• Part I lists materials and technology designed specifically for nuclear use. These include fissile materials, nuclear reactors and equipment, and reprocessing and enrichment equipment. First published in 1978, Part I responded to India’s 1974 diversion of nuclear imports for supposedly peaceful purposes to conduct a nuclear explosion. To be eligible for importing Part I items from an NSG member, states must have comprehensive IAEA safeguards covering all their nuclear activities and facilities. In the case of Part II goods, IAEA safeguards are only required for the specific nuclear activity or facility designated for the import.
    • Part II identifies dual-use goods; non-nuclear items with legitimate civilian applications that can also be used to develop weapons. Machine tools and lasers are two types of dual-use goods. NSG members adopted Part II in 1992 after discovering how close Iraq came to realizing its nuclear weapons ambitions. Iraq had illicitly employed dual-use imports in a covert nuclear weapons program before the 1991 Persian Gulf War.

Membership Criteria: Factors taken into account for membership include the following:

  • The ability to supply items (including items in transit) covered by the annexes to Parts 1 and 2 of the NSG Guidelines
  • Adherence to the Guidelines and action in accordance with them
  • Enforcement of a legally based domestic export control system which gives effect to the commitment to act in accordance with the Guidelines
  • Full compliance with the obligations of one or more of the following: the Treaty on the Non-Proliferation of Nuclear Weapons (NPT), the Treaties of Pelindaba, Rarotonga, Tlatelolco, Bangkok, or an equivalent international nuclear nonproliferation agreement
  • Support of international efforts towards nonproliferation of weapons of mass destruction and of their delivery vehicles

Importance of NSG Membership for India

  • Access to technology for a range of uses from medicine to building nuclear power plants for India from the NSG which is essentially a traders’ cartel. India has its own indigenously developed technology but to get its hands on state of the art technology that countries within the NSG possess, it has to become part of the group.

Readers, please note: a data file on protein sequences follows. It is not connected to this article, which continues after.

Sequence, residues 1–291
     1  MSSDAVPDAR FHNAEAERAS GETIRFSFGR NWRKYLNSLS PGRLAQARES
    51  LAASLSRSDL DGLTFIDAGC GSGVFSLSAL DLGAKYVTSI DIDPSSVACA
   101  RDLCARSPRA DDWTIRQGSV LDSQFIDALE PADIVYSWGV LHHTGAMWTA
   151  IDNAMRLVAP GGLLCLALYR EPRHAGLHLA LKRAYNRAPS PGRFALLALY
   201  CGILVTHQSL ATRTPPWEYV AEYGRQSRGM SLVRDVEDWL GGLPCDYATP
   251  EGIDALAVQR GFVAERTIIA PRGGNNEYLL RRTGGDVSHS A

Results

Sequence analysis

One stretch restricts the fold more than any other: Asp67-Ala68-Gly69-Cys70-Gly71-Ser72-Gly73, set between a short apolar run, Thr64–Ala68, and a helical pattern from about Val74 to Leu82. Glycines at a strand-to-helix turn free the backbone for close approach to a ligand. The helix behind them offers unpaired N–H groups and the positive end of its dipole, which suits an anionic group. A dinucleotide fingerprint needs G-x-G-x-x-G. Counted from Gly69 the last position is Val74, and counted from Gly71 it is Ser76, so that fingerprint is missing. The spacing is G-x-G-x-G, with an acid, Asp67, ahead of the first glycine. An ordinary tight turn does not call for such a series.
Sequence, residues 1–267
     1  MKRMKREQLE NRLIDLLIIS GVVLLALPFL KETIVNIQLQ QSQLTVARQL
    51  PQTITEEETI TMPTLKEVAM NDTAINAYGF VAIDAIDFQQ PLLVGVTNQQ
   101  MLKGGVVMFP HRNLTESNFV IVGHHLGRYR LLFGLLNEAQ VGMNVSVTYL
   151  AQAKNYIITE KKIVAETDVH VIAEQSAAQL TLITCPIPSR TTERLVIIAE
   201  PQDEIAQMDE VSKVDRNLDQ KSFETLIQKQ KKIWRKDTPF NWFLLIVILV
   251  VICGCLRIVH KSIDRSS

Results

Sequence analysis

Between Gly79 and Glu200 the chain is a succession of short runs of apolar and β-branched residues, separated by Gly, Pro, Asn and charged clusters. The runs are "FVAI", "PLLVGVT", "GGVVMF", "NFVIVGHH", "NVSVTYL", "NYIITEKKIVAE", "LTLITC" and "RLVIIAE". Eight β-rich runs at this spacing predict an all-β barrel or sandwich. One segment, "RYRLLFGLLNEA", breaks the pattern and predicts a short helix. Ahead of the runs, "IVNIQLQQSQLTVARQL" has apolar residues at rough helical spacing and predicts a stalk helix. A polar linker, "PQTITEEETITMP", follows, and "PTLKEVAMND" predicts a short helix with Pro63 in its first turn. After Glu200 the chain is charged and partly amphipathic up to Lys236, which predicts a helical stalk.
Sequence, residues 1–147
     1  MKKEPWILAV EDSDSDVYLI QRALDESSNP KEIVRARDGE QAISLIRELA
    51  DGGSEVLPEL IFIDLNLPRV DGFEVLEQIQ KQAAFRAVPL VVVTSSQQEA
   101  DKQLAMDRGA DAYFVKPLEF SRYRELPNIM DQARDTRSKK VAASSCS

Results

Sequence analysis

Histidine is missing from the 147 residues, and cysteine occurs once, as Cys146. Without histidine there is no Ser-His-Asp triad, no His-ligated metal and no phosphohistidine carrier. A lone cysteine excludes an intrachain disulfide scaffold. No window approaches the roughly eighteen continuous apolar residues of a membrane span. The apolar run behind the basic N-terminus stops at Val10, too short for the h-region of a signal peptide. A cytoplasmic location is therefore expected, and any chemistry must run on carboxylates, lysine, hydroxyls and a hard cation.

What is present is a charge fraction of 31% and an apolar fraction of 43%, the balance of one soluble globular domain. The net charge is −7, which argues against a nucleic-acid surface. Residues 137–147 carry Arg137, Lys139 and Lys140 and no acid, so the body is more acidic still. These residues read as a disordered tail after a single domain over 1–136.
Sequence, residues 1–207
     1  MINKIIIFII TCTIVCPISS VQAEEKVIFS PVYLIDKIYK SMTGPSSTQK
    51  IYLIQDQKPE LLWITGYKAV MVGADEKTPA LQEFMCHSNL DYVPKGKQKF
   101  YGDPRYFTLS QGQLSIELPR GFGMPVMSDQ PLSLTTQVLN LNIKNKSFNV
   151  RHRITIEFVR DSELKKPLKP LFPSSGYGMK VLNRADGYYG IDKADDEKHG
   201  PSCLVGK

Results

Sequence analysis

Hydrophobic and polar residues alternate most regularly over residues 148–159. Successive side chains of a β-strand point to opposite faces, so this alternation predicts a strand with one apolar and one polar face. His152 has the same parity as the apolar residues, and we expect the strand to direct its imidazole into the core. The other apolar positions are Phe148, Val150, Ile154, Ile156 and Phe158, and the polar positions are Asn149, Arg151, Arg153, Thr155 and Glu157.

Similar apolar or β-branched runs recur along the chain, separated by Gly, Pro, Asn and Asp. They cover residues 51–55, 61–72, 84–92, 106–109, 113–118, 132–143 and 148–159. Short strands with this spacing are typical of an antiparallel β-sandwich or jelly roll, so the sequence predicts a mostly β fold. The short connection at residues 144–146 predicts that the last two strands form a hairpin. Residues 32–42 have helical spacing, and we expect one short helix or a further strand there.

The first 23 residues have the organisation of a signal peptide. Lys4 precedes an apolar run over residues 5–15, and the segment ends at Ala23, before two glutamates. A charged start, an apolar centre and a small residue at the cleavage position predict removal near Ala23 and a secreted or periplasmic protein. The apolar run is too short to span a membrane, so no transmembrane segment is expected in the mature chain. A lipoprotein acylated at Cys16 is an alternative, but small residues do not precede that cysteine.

• With India committed to reducing dependence on fossil fuels and ensuring that 40% of its energy is sourced from renewable and clean sources, there is a pressing need to scale up nuclear power production. This can only happen if India gains access to the NSG. Even if India today can buy power plants from the global market thanks to the one time NSG waiver in 2008, there are still many types of technologies India can be denied as it is outside the NSG.
  • India could sign the Nuclear non proliferation treaty and gain access to all this know how but that would mean giving up its entire nuclear arsenal. Given that it is situated in an unstable and unpredictable neighbourhood India is unlikely to sign the NPT or accede to the Comprehensive Test Ban Treaty (CTBT) that puts curbs on any further nuclear tests
  • With access to latest technology, India can commercialize the production of nuclear power equipment. This, in turn will boost innovation and high tech manufacturing in India and can be leveraged for economic and strategic benefits.
  • Having the ability to offer its own nuclear power plants to the world means spawning of an entire nuclear industry and related technology development. This could give the Make in India programme a big boost.